Deploying Energy Innovation at Scale for a Low-Carbon Economy:

The Private Sector Role - ENGIE

Authors: Nicola De Blasio, Shankar Krishnamoorthy, Zul Kapadia, Abigail Mayer, Johanna Schiele, and Rees Sweeney-Taylor

September 2020


How Decarbonization, Decentralization, Digitalization and New Players Are Changing the Power Industry

No one really knows how fast the transition to a low-carbon economy will move, but one thing is certain—electricity is at the heart of this transformational change, with power demand increasing in the building, transportation, and industrial sectors. This growth is creating new challenges and opportunities for how to meet demand while addressing climate change and accelerating the transition to a low-carbon economy. Technological innovation will be key to driving the deep decarbonization of energy intensive sectors such as power, mobility, buildings, and industry; and where direct electrification is not feasible, green synthetic fuels or hydrogen produced from renewable electricity have the potential to tackle “hard-to-abate” sectors.

The power industry has been experiencing a disruption of unprecedented scope and speed in the way electricity is generated and in the associated business models. In a way, much of the industry was caught unprepared by the move from large fossil fuel powered plants to distributed renewable generation and by the need to manage revenue downturns, while meeting the demands of environmental and technology conscious consumers. These rapidly emerging trends of decarbonization, decentralization and digitalization require fundamental changes to the structure of the energy system as we know it and the design of appropriate market structures identifying cross-cutting benefits and costs, to recognize the full value of all generation options.

If this were not enough, the power industry is also facing a new competitive threat—the entrance of traditional oil and gas companies (IOCs) into power markets. Historically, IOCs had considered a move into electricity as a step too far, with the sector seen as oversupplied and highly politicized. However, the recent decision by Shell and others to sell electricity directly to retail customers is yet another example of how quickly the sector is changing. Why are IOCs entering the electricity markets?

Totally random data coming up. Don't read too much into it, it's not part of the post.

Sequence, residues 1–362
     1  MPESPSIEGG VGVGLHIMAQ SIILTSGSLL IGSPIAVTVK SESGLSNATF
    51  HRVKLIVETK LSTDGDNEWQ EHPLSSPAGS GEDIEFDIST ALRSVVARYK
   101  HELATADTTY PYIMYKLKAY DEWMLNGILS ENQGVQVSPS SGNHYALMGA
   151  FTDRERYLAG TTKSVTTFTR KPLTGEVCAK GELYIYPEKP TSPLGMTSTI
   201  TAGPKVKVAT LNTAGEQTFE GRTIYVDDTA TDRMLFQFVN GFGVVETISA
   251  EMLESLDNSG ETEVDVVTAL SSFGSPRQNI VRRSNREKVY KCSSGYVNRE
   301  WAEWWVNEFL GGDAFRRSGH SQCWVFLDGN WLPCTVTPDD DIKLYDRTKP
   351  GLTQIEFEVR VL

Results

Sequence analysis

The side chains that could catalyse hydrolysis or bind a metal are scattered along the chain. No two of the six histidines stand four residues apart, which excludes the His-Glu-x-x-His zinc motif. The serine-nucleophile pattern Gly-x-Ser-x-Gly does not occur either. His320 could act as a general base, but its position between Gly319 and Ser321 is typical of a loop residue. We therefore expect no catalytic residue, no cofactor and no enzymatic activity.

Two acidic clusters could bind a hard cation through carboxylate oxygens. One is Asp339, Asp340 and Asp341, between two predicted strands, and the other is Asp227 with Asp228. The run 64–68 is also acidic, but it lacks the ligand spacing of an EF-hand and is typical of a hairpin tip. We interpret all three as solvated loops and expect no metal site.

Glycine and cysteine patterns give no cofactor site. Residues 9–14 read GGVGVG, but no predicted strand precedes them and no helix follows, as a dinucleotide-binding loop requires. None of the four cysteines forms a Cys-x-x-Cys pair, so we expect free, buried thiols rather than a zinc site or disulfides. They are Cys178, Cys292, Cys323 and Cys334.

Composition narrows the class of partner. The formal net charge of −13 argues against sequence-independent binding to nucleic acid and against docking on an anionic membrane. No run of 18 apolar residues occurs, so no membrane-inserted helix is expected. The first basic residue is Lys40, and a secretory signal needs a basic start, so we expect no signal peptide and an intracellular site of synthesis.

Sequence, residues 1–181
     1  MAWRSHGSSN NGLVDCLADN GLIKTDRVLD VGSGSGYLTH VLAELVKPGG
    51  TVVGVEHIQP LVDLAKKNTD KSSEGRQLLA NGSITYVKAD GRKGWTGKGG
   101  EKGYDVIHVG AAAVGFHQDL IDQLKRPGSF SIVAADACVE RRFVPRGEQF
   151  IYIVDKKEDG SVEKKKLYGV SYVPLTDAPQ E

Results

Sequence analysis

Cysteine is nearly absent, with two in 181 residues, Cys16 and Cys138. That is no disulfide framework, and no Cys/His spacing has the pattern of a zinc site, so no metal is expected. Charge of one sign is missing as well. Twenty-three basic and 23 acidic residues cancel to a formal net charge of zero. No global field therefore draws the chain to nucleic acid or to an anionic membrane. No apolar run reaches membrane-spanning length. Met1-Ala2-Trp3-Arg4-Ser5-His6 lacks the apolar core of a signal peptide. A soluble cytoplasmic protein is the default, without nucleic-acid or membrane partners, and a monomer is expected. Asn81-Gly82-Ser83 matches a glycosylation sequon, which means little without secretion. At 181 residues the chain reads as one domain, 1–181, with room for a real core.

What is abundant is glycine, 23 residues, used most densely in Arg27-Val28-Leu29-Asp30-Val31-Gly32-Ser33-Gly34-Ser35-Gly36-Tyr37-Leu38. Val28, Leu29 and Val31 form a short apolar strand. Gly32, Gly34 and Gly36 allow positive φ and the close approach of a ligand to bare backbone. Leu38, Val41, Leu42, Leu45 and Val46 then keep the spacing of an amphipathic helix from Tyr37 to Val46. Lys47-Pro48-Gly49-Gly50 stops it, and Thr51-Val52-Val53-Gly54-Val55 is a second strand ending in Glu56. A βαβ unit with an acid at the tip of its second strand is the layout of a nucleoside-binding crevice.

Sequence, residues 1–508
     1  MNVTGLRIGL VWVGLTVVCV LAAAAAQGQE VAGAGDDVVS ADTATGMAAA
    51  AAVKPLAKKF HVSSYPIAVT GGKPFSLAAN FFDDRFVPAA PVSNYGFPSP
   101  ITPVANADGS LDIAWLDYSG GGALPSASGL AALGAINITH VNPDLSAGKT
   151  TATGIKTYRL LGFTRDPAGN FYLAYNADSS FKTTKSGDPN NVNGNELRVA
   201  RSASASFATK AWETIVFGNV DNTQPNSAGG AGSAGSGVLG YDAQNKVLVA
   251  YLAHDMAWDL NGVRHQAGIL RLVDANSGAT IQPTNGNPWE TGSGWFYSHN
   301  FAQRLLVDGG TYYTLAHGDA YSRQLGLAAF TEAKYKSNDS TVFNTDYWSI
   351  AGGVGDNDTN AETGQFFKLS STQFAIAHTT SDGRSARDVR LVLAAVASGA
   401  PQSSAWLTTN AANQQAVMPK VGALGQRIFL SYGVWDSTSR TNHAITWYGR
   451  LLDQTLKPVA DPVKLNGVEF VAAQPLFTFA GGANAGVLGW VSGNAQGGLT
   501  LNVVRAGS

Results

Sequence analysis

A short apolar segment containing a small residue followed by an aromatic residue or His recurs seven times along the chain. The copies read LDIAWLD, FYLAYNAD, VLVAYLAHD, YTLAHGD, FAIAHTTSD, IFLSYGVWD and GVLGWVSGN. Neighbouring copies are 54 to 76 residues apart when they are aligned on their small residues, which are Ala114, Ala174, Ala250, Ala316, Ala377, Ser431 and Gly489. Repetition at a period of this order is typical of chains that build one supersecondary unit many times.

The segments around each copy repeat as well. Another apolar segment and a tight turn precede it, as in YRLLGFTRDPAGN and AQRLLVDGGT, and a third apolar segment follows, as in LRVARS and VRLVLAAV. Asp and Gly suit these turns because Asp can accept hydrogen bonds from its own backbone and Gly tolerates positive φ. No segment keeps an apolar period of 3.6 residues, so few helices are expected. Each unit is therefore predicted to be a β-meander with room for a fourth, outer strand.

The need to address climate change and play a role in the transition to a low-carbon future is one obvious reason, but there are many more, including the state of the energy landscape. Global markets are flush with natural gas and at the same time we are seeing record investments in new supplies of liquefied natural gas (LNG). Like all commodities, natural gas goes through cycles. However, this is more than just cyclical behavior—markets are facing a downward super cycle—where record oversupply coincides with record investments in new supply. This was a challenge even before the COVID-19 pandemic, which has also drastically reduced demand. In a buyer’s market, it is logical to try to get closer to final customers, establishing long-term agreements to reduce risk. An integration along the value chain also gives IOCs access to new business areas such as smart mobility, connected home services and/or demand side response. For traditional utilities and retailers, whose business models are already under pressure, this represents a dangerous competitive threat.

In this context of increasing competition, technology innovation will be even more critical for both incumbents and new players, not only as a means to gain a competitive advantage but also to accelerate the transition to a low-carbon economy at scale. Success is possible, but to achieve it, technological innovation must be complemented by:

  • Redesigning policy and regulatory frameworks: Advance and reform regulation to enable full integration of distributed energy resources, spur innovation, and define new roles for distribution network operators and end-consumers as active market participants. Define clear and stable decarbonization targets. Design market structures identifying cross-cutting benefits and costs, to recognize the full value of all generation options—a key step in reaching decarbonization targets an optimizing cost, while guaranteeing security of supply.

  • Deploying enabling infrastructure: Define clear market-wide rules around ownership and cost-recovery of physical assets, decarbonization targets, data ownership and cybersecurity. This will reduce the risk of stranded assets, allow planning security, and provide needed legal protections.

  • Redefining customer experience: Incorporate the new reality of a digital, customer-empowered, interactive electricity system. Simplify and tailor services.

  • Embracing new business and public-private partnership (PPP) models: Pursue new revenue sources from innovative distribution and retail services. Shift from asset-intensive business models to service provider platforms. Spur innovation and the ability to educate all stakeholders on the challenges and opportunities inherent in the energy transition. Bolster clean energy solutions by de-risking investments and lowering the cost of capital.

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For Academic Citation: De Blasio, N., Krishnamoorthy, S., Kapadia, Z., Mayer, A., Schiele, J., and Sweeney-Taylor, R. (2020), “Deploying Energy Innovation at Scale for a Low-Carbon Economy: The Private Sector Role - ENGIE” Harvard University, September 2020.


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